However it played out, the constant was two big men … until last season, when Josh Jackson showed up and suddenly Self had the ideal small-ball lineup: Two point guards, two tough and athletic wings that could make threes and a big body in the post that can block shots and get rebounds. With Jackson now gone, Kansas and Self now have something of a problem on their hands. As it stands, there are just nine eligible scholarship players on the Jayhawks roster. Only three of them can be considered big men — Udoka Azubuike, Billy Preston and Mitch Lightfoot.

Final Four Sleepers | Louisville | Villanova | West Virginia | USC | Wichita State | Miami
Udoka Azubuike (Jamie Squire/Getty Images)

In an ideal world, one where Self has a back court that includes a pair of ball-handlers that will be in his starting lineup and a shortage of big bodies, the Jayhawks would once again play small-ball.

The problem?

Jackson was the glue that held that lineup together. He was the prototype college four. He was tough as nails defensively, he could rebound like a power forward and he defended the rim when needed. He was also a matchup nightmare on the offensive end, a natural wing and skilled playmaker with three-point range and the ability to grab a rebound and immediately spark transition.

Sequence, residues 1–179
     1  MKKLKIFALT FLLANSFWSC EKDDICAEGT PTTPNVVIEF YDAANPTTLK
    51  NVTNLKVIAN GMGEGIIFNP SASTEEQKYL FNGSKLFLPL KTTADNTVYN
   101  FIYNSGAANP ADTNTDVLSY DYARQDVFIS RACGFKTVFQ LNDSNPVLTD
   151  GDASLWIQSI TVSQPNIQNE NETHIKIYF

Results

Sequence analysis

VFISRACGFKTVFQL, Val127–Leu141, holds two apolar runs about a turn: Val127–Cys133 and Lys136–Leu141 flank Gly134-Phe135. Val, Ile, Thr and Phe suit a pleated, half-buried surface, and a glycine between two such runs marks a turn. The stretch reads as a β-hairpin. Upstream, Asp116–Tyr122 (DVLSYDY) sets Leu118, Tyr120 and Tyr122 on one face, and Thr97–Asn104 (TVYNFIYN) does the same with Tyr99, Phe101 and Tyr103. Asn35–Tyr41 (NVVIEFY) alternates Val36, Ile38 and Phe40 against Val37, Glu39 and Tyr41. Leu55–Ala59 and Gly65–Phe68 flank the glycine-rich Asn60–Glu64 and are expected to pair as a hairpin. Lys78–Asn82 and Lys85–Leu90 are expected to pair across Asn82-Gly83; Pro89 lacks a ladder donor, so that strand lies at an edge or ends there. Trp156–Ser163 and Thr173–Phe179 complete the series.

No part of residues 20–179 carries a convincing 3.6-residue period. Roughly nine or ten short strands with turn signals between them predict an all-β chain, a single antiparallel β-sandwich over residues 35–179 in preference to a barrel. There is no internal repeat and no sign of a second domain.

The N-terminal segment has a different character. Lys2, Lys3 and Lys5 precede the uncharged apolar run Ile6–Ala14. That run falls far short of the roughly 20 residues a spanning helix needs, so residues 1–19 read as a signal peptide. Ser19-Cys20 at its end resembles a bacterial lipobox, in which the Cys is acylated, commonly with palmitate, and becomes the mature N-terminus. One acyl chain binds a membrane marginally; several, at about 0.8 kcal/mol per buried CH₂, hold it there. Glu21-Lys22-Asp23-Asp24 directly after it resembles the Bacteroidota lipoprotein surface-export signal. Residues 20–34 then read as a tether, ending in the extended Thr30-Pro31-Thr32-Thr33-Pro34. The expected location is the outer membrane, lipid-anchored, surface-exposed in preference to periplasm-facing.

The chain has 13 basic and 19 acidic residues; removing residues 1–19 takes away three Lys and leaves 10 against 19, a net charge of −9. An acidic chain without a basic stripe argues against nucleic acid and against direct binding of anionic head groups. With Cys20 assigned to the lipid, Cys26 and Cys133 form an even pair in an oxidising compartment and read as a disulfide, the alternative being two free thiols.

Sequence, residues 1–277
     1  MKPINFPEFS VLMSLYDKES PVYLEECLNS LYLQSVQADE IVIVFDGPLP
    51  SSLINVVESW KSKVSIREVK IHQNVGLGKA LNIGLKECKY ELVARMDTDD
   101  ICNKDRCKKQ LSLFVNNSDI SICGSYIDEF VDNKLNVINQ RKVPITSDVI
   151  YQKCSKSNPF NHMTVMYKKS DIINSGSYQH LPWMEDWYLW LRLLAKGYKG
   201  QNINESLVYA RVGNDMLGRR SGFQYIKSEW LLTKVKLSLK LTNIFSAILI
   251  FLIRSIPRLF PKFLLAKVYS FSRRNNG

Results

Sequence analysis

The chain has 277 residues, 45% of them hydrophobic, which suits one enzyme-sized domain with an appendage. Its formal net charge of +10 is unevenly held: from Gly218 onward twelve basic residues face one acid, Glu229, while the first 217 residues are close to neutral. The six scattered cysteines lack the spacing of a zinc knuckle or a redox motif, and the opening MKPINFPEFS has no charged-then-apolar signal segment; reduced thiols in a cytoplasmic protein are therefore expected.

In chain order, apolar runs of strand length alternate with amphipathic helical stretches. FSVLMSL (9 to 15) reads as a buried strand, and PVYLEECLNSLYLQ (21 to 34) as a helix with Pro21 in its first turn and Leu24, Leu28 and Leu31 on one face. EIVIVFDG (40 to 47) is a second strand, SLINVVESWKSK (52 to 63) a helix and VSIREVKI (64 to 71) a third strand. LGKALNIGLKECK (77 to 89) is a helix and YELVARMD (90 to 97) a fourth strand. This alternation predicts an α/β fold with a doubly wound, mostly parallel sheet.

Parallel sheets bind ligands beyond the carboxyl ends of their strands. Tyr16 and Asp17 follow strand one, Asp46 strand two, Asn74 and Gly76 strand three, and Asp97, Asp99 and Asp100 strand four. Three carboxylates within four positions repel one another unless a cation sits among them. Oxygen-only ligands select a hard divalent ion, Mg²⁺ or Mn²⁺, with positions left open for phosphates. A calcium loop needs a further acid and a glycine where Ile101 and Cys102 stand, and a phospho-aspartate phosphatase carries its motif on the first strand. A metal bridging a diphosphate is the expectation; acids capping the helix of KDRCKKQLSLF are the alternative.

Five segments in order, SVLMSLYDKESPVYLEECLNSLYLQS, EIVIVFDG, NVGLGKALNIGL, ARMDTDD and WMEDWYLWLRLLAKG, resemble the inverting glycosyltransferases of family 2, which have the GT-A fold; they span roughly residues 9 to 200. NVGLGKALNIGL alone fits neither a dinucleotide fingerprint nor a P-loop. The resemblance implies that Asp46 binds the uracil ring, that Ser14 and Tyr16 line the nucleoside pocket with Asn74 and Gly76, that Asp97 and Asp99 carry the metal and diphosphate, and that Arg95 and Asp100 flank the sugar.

Kansas does not have that guy anymore. LaGerald Vick is an excellent spot-up three-point shooter and the kind of athlete that will be a plus-wing defender, but he’s all of 6-foot-4 and he’s nowhere near the playmaker that Jackson was. Cunliffe, when he finally gets eligible, is a little bit bigger than Vick but not all that different of a player. Svi Mykhailiuk is a skilled player on the offensive end of the floor that has, shall we say, question marks defensively.

In theory, the answer to this problem would be for the Jayhawks to play Azubuike, a former five-star recruit, and Preston, a five-star prospect in the Class of 2017, together. Frankly, they actually fit fairly well together. The problem is that this would mean that the only front court depth that Self would have is Lightfoot, who looked out of his element in the 102 minutes he played as a freshman.

There isn’t an easy answer to this issue.

It’s one of the pitfalls of taking three sit-out transfers the same year.

Which is why this Kansas team has such a weird feel to it.


Sviatoslav Mykhailiuk (Ed Zurga/Getty Images)

PREDICTION

Overall, Kansas is going to be fine.

Outside of West Virginia, the rest of the Big 12 is not all that intimidating. The Jayhawks should win their 14th straight Big 12 title.